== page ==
D.C.

Nelson Mandela Death: South African Embassy memorial grows

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WASHINGTON (WJLA) - The rain soaked flags at half-staff outside the South African Embassy on Friday. At the base of the recently dedicated statue to Nelson Mandela, there are dozens of flowers that have been placed in tribute since his death a little more than 24 hours ago.

"We're celebrating a life more than mourning a loss. A great man," said Nathaniel Johnson.

Inside the Embassy, there has been a steady stream of visitors signing a condolence book. Among them is South African and 21-year-old Jean-Pierre Vindermeree. He was born just two years after Mandela was freed.

"Nelson Mandela was obviously a great leader to all of us, and he was a great inspiration to all of us, and what he did for us, words just can't describe the way we feel about all of them," he said.

Just steps away from that condolence book, the South African Ambassador summed up what Mandela’s passing means for his country.

"A part of our hearts are ripped out because Nelson Mandela was an anchor of everything we stood for," said Ebrahim Rasool.

Meanwhile, the condolence book at the National African Art Museum is quickly filling up with messages – including this one by Carlos Santana:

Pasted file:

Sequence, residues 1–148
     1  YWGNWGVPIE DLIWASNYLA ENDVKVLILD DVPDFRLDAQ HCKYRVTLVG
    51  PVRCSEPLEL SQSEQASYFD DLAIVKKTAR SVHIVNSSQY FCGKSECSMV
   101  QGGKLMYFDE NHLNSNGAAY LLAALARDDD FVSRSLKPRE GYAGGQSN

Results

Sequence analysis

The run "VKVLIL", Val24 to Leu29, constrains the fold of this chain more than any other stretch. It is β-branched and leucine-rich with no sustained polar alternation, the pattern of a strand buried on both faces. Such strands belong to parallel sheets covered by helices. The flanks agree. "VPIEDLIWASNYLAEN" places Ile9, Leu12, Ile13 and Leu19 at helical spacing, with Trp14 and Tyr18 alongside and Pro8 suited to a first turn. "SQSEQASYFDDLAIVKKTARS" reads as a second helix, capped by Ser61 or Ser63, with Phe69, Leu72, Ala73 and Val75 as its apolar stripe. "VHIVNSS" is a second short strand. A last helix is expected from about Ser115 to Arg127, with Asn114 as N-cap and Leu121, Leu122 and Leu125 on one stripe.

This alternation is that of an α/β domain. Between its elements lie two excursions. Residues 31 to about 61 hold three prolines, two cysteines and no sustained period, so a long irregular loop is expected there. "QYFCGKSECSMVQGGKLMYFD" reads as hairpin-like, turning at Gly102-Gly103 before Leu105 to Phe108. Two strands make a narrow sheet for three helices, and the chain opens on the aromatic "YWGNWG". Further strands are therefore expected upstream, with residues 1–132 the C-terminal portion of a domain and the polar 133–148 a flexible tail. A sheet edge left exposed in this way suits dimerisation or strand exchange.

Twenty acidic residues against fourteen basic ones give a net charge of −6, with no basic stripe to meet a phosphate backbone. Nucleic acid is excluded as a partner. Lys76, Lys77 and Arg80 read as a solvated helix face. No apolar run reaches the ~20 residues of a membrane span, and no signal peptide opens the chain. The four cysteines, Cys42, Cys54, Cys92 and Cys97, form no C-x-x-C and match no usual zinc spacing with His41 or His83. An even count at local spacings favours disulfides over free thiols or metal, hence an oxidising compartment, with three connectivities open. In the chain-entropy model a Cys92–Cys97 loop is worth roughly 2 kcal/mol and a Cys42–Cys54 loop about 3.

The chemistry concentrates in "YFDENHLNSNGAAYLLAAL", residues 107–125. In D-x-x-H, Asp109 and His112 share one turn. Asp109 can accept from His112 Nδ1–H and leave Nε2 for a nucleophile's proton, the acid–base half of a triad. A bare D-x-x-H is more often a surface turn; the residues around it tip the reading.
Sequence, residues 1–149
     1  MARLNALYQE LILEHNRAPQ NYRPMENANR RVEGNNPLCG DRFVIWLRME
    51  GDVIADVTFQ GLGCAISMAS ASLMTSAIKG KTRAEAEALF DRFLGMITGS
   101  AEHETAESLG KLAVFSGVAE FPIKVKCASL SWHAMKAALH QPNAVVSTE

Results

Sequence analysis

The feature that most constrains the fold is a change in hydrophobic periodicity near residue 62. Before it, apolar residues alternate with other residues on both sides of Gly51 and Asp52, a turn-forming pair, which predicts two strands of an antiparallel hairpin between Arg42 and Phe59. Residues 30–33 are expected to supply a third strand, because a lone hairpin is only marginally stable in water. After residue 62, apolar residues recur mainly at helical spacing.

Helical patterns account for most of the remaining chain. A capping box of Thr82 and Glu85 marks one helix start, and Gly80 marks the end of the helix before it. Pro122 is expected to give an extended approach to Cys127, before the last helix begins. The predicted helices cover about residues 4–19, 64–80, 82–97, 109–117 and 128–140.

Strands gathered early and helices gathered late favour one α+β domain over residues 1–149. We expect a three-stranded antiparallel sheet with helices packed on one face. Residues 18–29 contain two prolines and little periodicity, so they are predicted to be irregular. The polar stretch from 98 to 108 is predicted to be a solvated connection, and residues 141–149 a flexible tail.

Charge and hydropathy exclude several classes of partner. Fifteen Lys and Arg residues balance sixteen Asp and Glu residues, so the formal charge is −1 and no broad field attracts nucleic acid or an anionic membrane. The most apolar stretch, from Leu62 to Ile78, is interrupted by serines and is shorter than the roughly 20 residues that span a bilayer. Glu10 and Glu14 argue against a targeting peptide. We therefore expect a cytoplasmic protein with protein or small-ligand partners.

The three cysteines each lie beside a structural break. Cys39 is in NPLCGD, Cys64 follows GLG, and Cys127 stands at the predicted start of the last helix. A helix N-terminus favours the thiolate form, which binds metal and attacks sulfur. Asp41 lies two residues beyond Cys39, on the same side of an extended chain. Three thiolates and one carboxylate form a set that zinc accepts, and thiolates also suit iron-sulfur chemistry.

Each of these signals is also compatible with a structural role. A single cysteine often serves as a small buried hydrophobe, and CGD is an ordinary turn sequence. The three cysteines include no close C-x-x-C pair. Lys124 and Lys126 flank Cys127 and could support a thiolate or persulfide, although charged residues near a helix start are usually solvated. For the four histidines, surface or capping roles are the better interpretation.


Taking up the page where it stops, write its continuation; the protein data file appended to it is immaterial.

"The lion king went home to be with our Lord Supreme. He implanted in our DNA, live your light."

"And if we can write messages to send to the Mandela family, then why shouldn't we? In the spirit of democracy that he so stood for… give that opportunity to any and everyone," said Johnetta B. Cole, the Director of the National African Art Museum.

South African expatriates now living in D.C. recall Mandela’s visit in 1990., and in Mandela’s homeland, acts of jubilation still pay homage to the man credited with unifying his nation.

As the world enters 10 days of mourning, this condolence book will allow Washingtonians to pour out their hearts.

And across town, Mandela’s impact on the world is on display at the Newseum. The world’s newspapers are displayed as usual – but on Friday, all of them have Mandela on the front page.

And half a world away in South Africa, crowds gather to celebrate the country’s first black president by singing and dancing. Mandela’s body was moved earlier on Friday from Johannesburg to Pretoria, where he will lie next week.

"I was really fortunate that the daughter of Nelson Mandela phoned me to tell me that that he'd passed, " said Rasool. "She did that out of respect for the people of the United States of America."

The 95 year old, known for his unwavering resilience and integrity died thousand of mile and several seas away, but his lifelong struggle to unify his nation has eternally touched those at the memorial.

Nightly vigils will be held here until the U.S memorial service, which is planned for Wednesday at the National Cathedral.

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